Warfarin-Aspirin Symptomatic Intracranial Disease (WASID). The WASID trial was a prospective, randomized, placebo-controlled, multi-center study designed to compare warfarin (target international normalized ratio 2 to 3) to aspirin (1300 mg daily) for the prevention of stroke (ischemic and hemorrhagic) and vascular death in patients with symptomatic stenosis of a major intracranial vessel (20). Patients with transient ischemic stroke or stroke caused by an angiographically proven intracranial atherosclerotic stenotic vessel (50% or greater stenosis) were randomized to aspirin (1300 mg/day) or warfarin therapy (target international normalized ratio of 2.0 to 3.0). The primary analysis was designed to compare the rates of stroke (ischemic and hemorrhagic) and vascular death in the 2 treatment groups. The mean duration of follow-up was 1.8 years. In total, 13 patients (2.3%) were lost to follow-up (n=6) or withdrew consent (n=7) and study medications were permanently discontinued in 128 patients (22.5%). Interestingly, there was a significantly higher rate of discontinuation among patients assigned to warfarin therapy (28.4%) compared to patients treated with aspirin (16.4%; P< 0.001). After 569 patients were randomized, the study was terminated early due to the rates of increased systemic bleeding events noted in the warfarin arm. During a mean follow-up period of 1.8 years, adverse events in the 2 groups included death (4.3%in the aspirin arm compared to 9.7% in the warfarin group; hazard ratio (HR) for aspirin relative to warfarin, 0.46; 95% confidence interval, 0.23 to 0.90;P=0.02), major hemorrhage (3.2% vs. 8.3%, respectively; HR,0.39; 95% CI, 0.18 to 0.84; P=0.01), and myocardial infarction or sudden death (2.9% vs. 7.3%, respectively; HR, 0.40; 95% CI, 0.18 to 0.91; P=0.02). The primary end point occurred in 22.1% of the patients in the aspirin group and 21.8% from the warfarin arm (HR, 1.04; 95% CI, 0.73 to 1.48; P=0.83).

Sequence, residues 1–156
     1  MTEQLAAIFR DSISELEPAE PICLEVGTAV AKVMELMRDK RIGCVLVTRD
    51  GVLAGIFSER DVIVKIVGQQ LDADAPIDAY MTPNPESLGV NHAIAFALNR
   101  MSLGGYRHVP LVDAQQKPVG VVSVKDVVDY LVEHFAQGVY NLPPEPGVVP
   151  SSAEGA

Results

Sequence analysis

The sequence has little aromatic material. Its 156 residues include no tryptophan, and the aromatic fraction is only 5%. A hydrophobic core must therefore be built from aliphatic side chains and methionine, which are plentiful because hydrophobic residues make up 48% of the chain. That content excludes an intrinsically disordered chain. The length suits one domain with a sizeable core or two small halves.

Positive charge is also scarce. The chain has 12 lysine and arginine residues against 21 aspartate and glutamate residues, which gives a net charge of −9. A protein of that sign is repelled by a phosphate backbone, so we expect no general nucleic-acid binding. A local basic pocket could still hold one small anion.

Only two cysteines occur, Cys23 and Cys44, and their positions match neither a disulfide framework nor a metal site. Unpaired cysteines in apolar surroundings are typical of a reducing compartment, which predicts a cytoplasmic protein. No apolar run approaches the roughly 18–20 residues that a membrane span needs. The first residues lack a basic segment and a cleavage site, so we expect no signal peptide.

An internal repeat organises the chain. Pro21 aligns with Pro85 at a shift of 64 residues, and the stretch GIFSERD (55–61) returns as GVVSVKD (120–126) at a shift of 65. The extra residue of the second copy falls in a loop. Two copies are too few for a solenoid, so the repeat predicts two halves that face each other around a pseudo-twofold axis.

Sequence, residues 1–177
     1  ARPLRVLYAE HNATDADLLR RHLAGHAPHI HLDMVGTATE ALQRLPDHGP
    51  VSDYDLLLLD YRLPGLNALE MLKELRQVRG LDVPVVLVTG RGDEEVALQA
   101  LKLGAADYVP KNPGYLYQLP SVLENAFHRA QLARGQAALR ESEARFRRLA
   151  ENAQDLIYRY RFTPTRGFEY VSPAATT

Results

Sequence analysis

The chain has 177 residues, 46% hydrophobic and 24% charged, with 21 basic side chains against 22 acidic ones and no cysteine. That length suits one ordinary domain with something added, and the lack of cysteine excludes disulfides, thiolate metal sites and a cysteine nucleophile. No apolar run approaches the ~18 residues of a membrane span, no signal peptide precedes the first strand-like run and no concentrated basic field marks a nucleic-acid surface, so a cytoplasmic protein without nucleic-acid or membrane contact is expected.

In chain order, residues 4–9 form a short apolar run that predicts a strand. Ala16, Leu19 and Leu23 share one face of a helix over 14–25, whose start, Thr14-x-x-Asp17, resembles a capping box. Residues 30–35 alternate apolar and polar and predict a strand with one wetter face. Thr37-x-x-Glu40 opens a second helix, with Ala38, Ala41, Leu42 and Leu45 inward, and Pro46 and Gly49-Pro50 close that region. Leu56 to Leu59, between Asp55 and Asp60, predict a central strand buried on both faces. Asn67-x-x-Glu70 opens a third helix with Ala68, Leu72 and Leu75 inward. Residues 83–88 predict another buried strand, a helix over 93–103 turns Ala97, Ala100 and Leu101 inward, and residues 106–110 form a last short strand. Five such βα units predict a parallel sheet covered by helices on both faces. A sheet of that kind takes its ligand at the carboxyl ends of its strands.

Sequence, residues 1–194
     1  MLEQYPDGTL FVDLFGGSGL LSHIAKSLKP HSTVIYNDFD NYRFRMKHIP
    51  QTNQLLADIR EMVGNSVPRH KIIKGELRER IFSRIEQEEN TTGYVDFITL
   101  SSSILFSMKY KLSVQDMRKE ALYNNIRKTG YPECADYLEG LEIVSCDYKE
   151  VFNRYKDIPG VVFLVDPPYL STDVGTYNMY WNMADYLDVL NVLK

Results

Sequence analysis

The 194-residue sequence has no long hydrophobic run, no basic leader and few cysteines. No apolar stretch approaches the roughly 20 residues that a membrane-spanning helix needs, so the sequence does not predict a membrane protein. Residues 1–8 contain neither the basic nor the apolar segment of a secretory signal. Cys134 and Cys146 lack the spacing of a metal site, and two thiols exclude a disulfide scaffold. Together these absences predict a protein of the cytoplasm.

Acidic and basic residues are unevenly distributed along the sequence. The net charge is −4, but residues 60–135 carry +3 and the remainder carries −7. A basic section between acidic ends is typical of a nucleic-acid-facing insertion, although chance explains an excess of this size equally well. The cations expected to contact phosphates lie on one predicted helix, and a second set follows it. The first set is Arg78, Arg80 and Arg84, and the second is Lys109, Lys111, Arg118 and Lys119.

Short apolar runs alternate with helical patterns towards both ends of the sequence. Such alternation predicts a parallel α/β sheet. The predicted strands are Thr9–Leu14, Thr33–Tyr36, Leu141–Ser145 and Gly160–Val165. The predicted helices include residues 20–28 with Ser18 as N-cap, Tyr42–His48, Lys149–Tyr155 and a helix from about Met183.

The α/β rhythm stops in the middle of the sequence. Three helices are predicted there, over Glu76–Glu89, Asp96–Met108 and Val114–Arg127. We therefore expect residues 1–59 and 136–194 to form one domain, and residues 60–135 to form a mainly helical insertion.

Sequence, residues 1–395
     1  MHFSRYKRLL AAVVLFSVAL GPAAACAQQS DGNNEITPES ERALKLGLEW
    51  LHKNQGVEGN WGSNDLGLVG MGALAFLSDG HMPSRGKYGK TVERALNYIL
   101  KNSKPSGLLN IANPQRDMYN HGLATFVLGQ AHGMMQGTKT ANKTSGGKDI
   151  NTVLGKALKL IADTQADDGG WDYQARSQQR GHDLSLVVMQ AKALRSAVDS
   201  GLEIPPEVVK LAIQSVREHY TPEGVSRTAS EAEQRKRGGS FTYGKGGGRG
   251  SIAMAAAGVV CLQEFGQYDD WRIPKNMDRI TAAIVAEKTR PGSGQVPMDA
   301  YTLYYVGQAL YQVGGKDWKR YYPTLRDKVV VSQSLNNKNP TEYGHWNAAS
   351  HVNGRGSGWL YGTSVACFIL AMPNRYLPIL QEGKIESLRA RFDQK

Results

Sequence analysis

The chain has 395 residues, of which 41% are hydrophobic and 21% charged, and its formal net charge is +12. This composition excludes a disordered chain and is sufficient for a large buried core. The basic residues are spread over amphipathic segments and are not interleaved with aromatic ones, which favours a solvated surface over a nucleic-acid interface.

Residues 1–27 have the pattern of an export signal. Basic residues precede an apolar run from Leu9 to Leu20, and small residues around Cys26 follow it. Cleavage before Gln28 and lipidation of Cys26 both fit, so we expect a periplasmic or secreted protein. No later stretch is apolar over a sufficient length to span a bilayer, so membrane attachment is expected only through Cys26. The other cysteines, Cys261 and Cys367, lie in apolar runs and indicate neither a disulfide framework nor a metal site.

The final analysis of the data did not reveal any clear difference between the aspirin group compared to the warfarin arm for the prevention of stroke, transient ischemic attack, or vascular death. Warfarin was associated with significantly higher rates of adverse events and the authors concluded aspirin should be used in preference to warfarin for patients with intracranial arterial stenosis.
Dabigatran, rivaroxaban, and apixaban. Since the 1950s, warfarin has been the first-line treatment for patients with atrial fibrillation to reduce the risk of stroke. These newer agents have increased the available treatment options.
Dabigatran etexilate is an oral anticoagulant (prodrug) in the class of direct thrombin inhibitors. In October 2011, it received FDA approval for risk reduction in stroke and systemic embolism in patients with nonvalvular atrial fibrillation. Because dabigatran has demonstrated predictable anticoagulation responses, it does not require routine blood monitoring as seen with warfarin treatment. In addition, it is not affected by diet changes and appears to have less drug interactions when compared to warfarin.